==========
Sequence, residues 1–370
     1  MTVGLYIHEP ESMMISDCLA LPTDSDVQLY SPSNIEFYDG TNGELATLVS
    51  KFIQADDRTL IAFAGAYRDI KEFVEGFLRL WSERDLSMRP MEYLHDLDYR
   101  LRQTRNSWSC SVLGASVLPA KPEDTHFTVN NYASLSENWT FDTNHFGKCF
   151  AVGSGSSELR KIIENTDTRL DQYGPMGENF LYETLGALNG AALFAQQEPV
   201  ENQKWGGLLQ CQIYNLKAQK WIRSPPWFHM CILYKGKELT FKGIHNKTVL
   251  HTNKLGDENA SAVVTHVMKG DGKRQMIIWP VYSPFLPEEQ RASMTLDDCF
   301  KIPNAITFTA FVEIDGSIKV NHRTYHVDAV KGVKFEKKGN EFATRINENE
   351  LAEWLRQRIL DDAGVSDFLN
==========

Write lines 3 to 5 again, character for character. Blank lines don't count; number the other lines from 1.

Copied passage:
    51  KFIQADDRTL IAFAGAYRDI KEFVEGFLRL WSERDLSMRP MEYLHDLDYR
   101  LRQTRNSWSC SVLGASVLPA KPEDTHFTVN NYASLSENWT FDTNHFGKCF
   151  AVGSGSSELR KIIENTDTRL DQYGPMGENF LYETLGALNG AALFAQQEPV